3 min read

How a helicopter gets made (and what it means for New Zealand school leaders)

Every year, we give principals something very special - a wooden helicopter.  

Part of the Strategic Leadership for Principals Programme celebrations, the helicopter is a reminder of the lessons learned throughout the year. Taking a step back from the day-to-day, thinking about the big picture and being aware of what a leader does and does not need to be directly involved in - that’s the helicopter view we try to develop and instill.  

They’re carefully crafted, and always appreciated – we have seen many a wooden helicopter in the background of some our recent Zoom calls with principals!  

But where exactly do they come from? Who makes this fleet of hand-crafted helicopters? The answer is Tony Williams from Northland – and we’ve got the details on how he makes them. 

The hobby that keeps on giving 

For the last seven years, Tony has been a woodworking hobbyist, operating out of his garage in Northland.  

“I belong to an arts and crafts group, a volunteer thing – you put your work up and sell it. One day I was volunteering at the shop, which I do one day a month, and someone from Springboard Trust came in. 

They asked me, do you make helicopters? And I told them nope, never have, but give me a couple of days to mock something up.”  

The rest, of course, is history. That was in 2018, and since then Tony has supplied Springboard with hundreds of helicopters that we give to the principals we work with

“I do woodworking because it’s a hobby, something I enjoy doing now that I’m retired. The opportunity to do this with Springboard is an extra bonus – it's great hearing the wonderful feedback from principals about what the helicopters mean to them, and it’s a nice way to top up the pension!”  

But enjoying the work and the work being easy are two different things – Tony's work that goes into each helicopter is simply incredible.  

Assembling the fleet  

When he first worked on the helicopters, Tony was beginning from scratch.  

“I hadn’t done anything like this before, so I drew up quite a few sketches. A friend of mine gave me some tips, and then it was time to start.” 

“There’s the bodies, the bases, the dowels (pegs), and of course the rotors. It took a while to make them at first, but I’ve got all the designs saved and now I can make them all over a few months. I actually made 10 bases this morning – if I feel like it, I could get another 10 done this afternoon!”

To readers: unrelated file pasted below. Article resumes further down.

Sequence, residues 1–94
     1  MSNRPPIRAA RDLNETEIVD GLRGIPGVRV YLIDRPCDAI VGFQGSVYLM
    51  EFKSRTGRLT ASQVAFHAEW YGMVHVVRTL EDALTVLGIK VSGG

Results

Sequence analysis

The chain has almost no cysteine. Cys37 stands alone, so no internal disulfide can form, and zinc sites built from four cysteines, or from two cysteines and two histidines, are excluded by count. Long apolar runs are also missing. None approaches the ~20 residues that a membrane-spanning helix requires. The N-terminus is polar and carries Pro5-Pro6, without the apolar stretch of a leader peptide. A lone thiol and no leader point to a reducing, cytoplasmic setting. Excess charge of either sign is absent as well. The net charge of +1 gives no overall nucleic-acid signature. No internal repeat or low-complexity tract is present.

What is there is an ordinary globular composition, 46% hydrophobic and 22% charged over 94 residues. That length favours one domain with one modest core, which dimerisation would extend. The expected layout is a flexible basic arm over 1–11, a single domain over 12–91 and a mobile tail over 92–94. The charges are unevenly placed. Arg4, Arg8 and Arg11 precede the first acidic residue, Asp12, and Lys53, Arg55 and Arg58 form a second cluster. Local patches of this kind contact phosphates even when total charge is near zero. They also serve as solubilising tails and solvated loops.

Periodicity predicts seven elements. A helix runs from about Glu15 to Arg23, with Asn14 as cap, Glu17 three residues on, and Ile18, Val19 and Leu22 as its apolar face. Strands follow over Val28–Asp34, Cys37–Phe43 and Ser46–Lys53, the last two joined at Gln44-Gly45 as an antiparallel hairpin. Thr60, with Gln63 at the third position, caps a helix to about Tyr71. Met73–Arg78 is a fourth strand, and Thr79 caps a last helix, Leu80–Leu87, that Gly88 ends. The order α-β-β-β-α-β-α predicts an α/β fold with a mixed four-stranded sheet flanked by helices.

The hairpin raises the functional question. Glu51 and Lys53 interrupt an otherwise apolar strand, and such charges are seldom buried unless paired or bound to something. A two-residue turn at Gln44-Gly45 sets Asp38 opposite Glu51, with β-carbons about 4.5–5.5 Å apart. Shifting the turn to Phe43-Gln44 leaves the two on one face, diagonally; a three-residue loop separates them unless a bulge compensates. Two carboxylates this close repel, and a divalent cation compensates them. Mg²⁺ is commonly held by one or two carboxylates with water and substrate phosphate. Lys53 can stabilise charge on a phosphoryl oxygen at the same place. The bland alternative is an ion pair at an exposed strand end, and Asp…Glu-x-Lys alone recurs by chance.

But beyond the intricacies of making wooden helicopters, Tony prefers to work with some specific materials.  

“Every helicopter is made out of recycled wood. I get it from friends, sometimes beat-up furniture from the SPCA shop I volunteer at – wherever I can find it!”  

“That often ends up being the main barrier, the cost of materials. I love making these, and they’re going to great people – I’m happy not to charge too much for my labour, but materials can sometimes be a bit of a roadblock. Wood is extremely expensive these days.”  

Tony’s incredible work hasn’t just been noticed by us, either. He notes that people have seen his work and asked for all manner of things – small rocking horses, trucks and toys, even a folding clothesline for kids!  

“I had to invent that one actually! Like an idiot, I asked if they wanted it to fold up and they said that would be amazing – it’s been quite a reasonable seller in the end.”  

Of course, for Tony this is a hobby – not a full-time job.  

“I don’t want it to become a business – it's something to keep me going, and people seem to be enjoying what I do.”  

In Springboard Trust’s case, those people are hundreds of principals across New Zealand who own an intricate, hand-crafted piece of Tony’s passion and hard work – reminding them of how they can make a difference for all their students.  

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